Bob Aaron email@example.com
April 14, 2007
Don’t buy without a home inspection
Twas the night after closing
And all through the house,
The only ones stirring
Were kids, wife and spouse.
The reason sleep failed them
Was not very nice
The house was infested
With dozens of mice.
So begins the latest sad tale of why it is always important for buyers to conduct a thorough home inspection, and why sellers should never ever sign a Seller Property Information Statement.
The story begins in Winnipeg in June 2004. Kim Wiebe and Glenda Scott visited a house they were interested in with their real estate agent. They did not inspect it closely, nor did they have it inspected by an independent inspector.
They were pleased with the house and bought it for full asking price within a few days of their first visit. When the plaintiffs took possession, they discovered a serious mouse problem. There were mice droppings everywhere. The buyers who have small children reacted dramatically.Ultimately, they sued the sellers for misrepresentation. When the case got to court, the evidence disclosed that the house was twice treated with bait stations by Poulin’s Pest Control in the months prior to the sale.
At trial, the female seller testified that there were no mice and anything that did show up after the sellers moved out was caused by her pet hamster that had been allowed to run free throughout the house.
In January 2007, Justice Daniel P. Kennedy rejected the testimony about the hamster, and ruled that the discovery that Poulin’s had treated the house twice was evidence that the sellers were aware of the rodent problem.
“I am left with disbelief,” he wrote, “that what was described by the plaintiff were droppings from the pet hamster.”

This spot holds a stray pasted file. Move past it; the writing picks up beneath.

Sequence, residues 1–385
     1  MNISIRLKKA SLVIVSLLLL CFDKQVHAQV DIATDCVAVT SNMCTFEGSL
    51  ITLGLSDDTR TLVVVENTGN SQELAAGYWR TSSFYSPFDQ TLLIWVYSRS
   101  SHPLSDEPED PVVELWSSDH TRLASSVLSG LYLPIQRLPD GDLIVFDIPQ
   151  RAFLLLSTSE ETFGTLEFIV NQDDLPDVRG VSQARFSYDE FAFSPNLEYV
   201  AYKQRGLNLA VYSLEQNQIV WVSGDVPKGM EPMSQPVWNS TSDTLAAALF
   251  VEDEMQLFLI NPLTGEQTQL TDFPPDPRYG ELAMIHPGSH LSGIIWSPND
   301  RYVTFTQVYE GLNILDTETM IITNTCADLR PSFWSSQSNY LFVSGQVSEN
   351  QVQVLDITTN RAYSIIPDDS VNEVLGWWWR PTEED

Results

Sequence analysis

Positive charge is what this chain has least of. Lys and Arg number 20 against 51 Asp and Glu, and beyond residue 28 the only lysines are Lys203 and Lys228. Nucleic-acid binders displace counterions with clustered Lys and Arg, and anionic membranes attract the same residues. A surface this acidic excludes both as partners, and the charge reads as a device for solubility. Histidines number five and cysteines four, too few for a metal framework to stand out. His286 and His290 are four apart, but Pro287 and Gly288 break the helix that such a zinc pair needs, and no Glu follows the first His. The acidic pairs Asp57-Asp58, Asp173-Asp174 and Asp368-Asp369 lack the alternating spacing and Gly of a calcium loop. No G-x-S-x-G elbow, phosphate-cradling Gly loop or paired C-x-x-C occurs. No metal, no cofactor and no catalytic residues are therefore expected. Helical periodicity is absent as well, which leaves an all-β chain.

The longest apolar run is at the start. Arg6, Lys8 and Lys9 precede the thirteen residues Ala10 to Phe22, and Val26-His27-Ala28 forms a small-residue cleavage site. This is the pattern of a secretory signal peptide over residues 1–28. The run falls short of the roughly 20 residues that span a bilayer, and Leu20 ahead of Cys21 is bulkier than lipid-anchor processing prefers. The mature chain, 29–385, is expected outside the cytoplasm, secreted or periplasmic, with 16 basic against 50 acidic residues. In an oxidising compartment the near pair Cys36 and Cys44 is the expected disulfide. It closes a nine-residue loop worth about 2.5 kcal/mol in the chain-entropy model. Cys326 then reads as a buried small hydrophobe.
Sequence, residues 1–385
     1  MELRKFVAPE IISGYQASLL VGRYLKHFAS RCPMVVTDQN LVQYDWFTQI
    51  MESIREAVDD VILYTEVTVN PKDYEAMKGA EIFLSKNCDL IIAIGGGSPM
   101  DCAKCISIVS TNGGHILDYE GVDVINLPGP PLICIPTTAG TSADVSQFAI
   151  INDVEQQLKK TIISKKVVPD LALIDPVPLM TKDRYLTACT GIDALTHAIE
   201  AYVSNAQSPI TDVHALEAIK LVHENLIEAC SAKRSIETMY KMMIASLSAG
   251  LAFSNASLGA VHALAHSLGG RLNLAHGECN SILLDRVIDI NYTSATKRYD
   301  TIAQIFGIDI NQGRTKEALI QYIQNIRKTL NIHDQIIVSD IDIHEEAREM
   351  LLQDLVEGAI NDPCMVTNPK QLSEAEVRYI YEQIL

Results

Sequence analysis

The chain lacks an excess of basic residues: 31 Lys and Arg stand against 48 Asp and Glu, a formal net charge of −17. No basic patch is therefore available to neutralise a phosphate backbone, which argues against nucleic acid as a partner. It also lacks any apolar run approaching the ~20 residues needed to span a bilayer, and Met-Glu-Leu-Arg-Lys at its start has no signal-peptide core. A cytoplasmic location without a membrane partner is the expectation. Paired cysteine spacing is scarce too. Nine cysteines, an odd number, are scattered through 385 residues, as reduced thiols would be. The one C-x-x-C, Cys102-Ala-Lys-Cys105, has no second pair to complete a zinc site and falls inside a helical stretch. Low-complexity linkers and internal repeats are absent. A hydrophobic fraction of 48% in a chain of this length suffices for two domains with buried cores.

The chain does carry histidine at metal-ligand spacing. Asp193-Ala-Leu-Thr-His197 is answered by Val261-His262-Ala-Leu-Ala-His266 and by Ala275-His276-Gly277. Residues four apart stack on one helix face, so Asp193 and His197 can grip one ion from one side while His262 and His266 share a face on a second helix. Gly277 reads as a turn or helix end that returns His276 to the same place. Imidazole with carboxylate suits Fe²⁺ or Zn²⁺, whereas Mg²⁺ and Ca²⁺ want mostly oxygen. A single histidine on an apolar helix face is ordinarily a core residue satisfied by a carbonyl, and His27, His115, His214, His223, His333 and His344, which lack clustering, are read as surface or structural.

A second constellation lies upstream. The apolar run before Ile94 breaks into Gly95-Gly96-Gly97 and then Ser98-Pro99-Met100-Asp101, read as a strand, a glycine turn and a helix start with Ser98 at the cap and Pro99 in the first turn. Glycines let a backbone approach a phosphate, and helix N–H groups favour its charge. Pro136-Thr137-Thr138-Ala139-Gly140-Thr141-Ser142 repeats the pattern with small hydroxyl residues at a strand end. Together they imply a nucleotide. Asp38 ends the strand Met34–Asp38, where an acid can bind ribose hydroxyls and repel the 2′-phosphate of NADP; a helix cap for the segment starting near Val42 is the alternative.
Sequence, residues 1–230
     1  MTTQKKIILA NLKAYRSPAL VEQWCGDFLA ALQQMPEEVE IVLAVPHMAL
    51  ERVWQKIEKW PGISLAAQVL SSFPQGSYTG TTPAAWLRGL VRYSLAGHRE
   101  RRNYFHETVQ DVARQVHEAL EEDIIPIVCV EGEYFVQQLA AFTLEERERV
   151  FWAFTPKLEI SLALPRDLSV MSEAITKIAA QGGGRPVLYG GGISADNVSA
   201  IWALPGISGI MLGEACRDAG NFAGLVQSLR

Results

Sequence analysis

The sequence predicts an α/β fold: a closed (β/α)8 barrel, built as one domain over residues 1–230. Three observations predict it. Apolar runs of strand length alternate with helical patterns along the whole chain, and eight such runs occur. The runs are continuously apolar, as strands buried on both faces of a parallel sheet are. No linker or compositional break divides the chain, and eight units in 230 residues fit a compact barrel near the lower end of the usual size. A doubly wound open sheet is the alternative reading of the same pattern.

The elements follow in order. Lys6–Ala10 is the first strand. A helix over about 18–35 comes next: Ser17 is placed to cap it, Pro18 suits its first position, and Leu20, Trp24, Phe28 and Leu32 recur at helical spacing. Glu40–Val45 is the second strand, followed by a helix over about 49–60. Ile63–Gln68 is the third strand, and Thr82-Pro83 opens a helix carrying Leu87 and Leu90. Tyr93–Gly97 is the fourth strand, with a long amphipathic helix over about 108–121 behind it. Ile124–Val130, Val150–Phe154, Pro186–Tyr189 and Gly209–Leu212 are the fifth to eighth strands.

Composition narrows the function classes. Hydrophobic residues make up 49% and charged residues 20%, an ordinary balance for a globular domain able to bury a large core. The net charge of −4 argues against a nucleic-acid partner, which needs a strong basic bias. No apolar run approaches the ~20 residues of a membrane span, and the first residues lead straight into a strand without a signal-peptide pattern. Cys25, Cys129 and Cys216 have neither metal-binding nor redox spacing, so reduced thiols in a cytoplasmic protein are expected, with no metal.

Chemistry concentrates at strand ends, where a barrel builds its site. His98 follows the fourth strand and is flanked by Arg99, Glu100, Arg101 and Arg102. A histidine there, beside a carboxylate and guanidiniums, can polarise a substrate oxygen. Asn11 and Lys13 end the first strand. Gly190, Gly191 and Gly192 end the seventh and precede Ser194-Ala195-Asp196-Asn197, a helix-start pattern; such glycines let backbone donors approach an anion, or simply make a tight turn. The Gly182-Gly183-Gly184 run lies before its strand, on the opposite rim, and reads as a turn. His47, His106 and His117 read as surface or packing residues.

One of the main issues for the court to decide was whether there had been a fraudulent misrepresentation by the sellers to the buyers.
Two days after the offer was submitted, after the buyers reviewed what is called the Seller Property Information Statement in Ontario, they waived the conditions in the offer.
In the form, under the heading Structural, the following question appeared:
“To your knowledge, during your ownership of the property, has there ever been any damage to the buildings due to wind, fire, water, moisture, insects or rodents?”
The sellers, Vittorio and Rosa Loconte, answered this question “no.” They made no other reference to the presence of mice in the house, but the buyers made no inquiries about mice either.
The buyers called this a deliberate misstatement, but the judge ruled that there was no evidence of structural damage to the house. He said that the filthy state of the house was due to a lack of maintenance attracting mice, and not to any structural problems.
He wrote, “Anyone who would allow a hamster to run free in the house for several days without being found would likely have different attitudes to the presence of mice than the plaintiff.”
Justice Kennedy ruled that close scrutiny of the home would have disclosed the presence of mice.
“The attraction and price of the house,” he wrote, “caused the plaintiff to by-pass the inspection which the plaintiff ought to have made following the warning contained in the Seller’s Property Condition Statement…”
He then quoted extensively from the warnings in the property condition statement, which was used in this case:
“Purchasers are strongly urged to consider making their own enquiries after receiving the statement, keeping in mind that the seller’s knowledge of the property may be incomplete or inaccurate. Additional information can be requested from the seller or from an independent source. .. Purchasers can hire an independent inspector to examine the property to determine whether defects or deficiencies exist and to obtain an estimate of the cost of repairing, rectifying or minimizing any such defects or deficiencies for their own account.”
The Manitoba statement disclosure statement also says, “Purchasers are strongly urged to consider making their own enquiries concerning a property in addition to receiving this disclosure statement, recognizing that in some cases it may not be possible to claim against a seller who misstates the condition of a property if a seller makes statements believed to be true but is unaware of the existence of a particular defect or deficiency, or if a seller cannot be found or is insolvent or bankrupt.
“Purchasers should also keep in mind the possibility that sellers simply do not know the answers to certain of the questions in the statement or may not have sufficient expertise to provide a purchaser with the information the purchaser requires.